spokesman and martyr for the Confessing Church,
which arose in 1930’s Germany
to resist the lies of Nazism and to reject Hitler’s attempt
 to make the churche
s an instrument of Nazi propaganda
Truth includes both material and spiritual realities. By definition, facts are true until proven otherwise. We do not have any right to our own facts.
Science has established that climate change is real, largely caused by human activities, already inflicting widespread damage, and, unless humanity swiftly changes course, on track to make it difficult or impossible for civilization to continue to exist. We know that 80% of known fossil fuel reserves must stay in the ground, lest we plunge past the point of no return. We know we must make a just and swift transition to a clean energy economy.

Such facts are difficult to face and absorb. But faith communities have the capacity to face facts, tell the truth, and dismiss denial. We trust, and are accountable to, a sacred reality that includes and transcends the material world. From this vantage point, faith communities are uniquely positioned to see through the lies of climate denial. Thanks to our commitment to the truth, we can let go the comfortable fibs and fantasies we may be tempted to tell ourselves (“I don’t need to change; I can continue with business as usual; climate change is someone else’s problem”). We also seek to uncover the confusion, misinformation, and lies about climate change that are deliberately spread by the fossil fuel industry and by the political leaders they fund. Not to do so is to participate in idolatry and to betray our own commitment to bear witness to the truth.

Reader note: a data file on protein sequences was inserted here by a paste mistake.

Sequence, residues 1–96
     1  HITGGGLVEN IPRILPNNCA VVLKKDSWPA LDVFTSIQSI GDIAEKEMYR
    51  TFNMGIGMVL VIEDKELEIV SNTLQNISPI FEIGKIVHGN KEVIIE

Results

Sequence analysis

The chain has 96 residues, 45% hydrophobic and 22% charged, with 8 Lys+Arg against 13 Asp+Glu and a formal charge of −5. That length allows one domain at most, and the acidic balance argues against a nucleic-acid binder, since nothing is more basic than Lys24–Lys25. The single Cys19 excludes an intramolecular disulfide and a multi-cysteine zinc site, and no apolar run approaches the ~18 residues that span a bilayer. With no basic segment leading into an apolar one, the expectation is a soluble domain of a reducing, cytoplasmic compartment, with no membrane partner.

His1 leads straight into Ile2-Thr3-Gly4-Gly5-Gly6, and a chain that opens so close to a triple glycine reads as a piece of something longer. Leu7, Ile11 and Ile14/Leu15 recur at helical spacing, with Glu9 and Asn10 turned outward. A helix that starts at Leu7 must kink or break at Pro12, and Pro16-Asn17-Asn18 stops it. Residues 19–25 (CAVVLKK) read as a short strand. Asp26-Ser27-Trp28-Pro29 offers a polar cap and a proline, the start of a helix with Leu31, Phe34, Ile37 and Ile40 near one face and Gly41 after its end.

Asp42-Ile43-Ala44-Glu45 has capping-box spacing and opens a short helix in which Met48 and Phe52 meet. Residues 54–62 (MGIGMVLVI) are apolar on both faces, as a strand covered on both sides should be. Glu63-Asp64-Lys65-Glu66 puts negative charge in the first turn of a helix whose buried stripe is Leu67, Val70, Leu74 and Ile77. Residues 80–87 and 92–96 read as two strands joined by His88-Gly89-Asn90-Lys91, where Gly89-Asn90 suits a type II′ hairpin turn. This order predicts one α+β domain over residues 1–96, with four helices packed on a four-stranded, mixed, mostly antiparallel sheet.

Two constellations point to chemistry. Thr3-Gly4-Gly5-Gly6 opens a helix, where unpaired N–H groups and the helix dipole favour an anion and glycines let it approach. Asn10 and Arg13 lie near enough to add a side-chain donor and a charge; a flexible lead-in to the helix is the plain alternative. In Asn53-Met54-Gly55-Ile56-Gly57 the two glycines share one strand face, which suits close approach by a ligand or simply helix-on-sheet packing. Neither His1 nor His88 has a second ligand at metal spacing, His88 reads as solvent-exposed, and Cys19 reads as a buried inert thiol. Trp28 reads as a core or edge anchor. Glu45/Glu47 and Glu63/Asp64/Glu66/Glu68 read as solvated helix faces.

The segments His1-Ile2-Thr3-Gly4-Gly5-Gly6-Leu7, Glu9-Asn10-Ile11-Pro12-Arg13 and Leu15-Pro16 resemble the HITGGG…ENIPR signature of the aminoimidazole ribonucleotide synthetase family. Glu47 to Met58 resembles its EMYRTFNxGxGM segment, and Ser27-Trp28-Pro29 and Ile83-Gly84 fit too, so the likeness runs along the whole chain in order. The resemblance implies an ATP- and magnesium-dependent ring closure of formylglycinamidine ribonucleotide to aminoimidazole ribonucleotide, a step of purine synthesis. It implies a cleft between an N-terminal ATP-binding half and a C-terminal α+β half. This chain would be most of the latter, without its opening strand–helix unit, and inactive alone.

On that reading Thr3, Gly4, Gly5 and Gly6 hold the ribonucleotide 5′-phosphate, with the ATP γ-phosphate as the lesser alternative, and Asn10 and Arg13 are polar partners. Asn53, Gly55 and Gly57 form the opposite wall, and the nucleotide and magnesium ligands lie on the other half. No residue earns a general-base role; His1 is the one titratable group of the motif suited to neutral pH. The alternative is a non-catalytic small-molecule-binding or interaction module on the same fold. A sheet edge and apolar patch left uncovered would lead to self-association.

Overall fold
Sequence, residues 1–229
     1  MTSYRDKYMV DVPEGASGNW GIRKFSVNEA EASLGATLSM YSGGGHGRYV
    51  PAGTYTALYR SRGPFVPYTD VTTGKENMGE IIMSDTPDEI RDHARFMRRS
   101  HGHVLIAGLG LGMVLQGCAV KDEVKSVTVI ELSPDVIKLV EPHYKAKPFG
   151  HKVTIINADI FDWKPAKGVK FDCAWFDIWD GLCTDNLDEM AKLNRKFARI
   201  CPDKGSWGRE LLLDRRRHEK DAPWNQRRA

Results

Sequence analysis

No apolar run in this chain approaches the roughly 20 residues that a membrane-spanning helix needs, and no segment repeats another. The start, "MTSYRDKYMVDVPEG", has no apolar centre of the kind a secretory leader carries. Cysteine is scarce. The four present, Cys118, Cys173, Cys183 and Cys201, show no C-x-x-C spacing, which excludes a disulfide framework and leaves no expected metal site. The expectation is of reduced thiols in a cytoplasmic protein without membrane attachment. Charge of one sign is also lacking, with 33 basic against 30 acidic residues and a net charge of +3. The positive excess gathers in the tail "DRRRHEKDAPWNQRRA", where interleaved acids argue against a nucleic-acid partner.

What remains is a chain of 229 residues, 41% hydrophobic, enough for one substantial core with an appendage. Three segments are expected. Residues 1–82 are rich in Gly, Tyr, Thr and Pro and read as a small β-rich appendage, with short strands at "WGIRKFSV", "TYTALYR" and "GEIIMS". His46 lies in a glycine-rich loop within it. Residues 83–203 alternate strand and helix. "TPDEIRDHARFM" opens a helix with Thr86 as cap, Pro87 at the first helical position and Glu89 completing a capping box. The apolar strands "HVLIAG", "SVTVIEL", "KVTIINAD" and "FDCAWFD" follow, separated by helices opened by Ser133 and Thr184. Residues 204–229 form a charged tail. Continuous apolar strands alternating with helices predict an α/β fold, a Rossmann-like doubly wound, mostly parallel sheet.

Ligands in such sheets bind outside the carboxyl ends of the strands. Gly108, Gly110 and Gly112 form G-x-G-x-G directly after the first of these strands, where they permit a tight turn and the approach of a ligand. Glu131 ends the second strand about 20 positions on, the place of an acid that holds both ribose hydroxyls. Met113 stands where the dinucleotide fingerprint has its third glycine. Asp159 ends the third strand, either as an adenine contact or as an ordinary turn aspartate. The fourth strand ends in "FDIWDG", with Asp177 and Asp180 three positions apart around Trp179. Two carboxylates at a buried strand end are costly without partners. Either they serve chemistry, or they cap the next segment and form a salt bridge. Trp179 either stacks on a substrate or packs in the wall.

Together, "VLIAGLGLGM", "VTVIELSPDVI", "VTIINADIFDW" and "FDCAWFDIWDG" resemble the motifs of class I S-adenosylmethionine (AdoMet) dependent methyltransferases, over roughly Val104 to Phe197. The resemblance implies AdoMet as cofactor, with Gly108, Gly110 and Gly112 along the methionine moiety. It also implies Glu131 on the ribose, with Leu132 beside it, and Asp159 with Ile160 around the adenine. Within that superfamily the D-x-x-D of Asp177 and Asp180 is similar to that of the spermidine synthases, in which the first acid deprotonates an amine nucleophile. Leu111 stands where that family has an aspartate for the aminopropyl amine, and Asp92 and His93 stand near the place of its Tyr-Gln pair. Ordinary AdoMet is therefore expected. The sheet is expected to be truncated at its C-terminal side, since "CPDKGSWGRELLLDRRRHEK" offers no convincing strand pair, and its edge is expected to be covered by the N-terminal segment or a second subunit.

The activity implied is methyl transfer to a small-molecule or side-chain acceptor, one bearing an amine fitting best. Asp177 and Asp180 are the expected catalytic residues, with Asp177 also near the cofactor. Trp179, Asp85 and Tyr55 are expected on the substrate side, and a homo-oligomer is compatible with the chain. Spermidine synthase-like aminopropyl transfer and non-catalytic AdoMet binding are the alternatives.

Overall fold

As a Christian, I believe that a religion that directs our gaze to a suffering, dying man on a cross is a religion that can face painful facts. As a Christian, I also believe that perceiving God’s presence in the very midst of suffering and death is a gateway to transformation and new life.

• Provide vision
“Where there is no vision, the people perish” (Proverbs 29:18, KJV).
Climate science has done its job, giving us essential facts about the potentially catastrophic consequences of continuing to burn fossil fuels. But facts alone are not sufficient to persuade people to take meaningful, concerted action. For that, we need vision – a shared goal, purpose, and values. This is what faith communities can do: lift up a vision of people living in just and loving relationships with each other and with the whole Creation, a vision energized by a deep desire for God’s love to be fully manifest in the world. Faith communities have a vital role to play in inspiring action to safeguard the world that God entrusted to our care.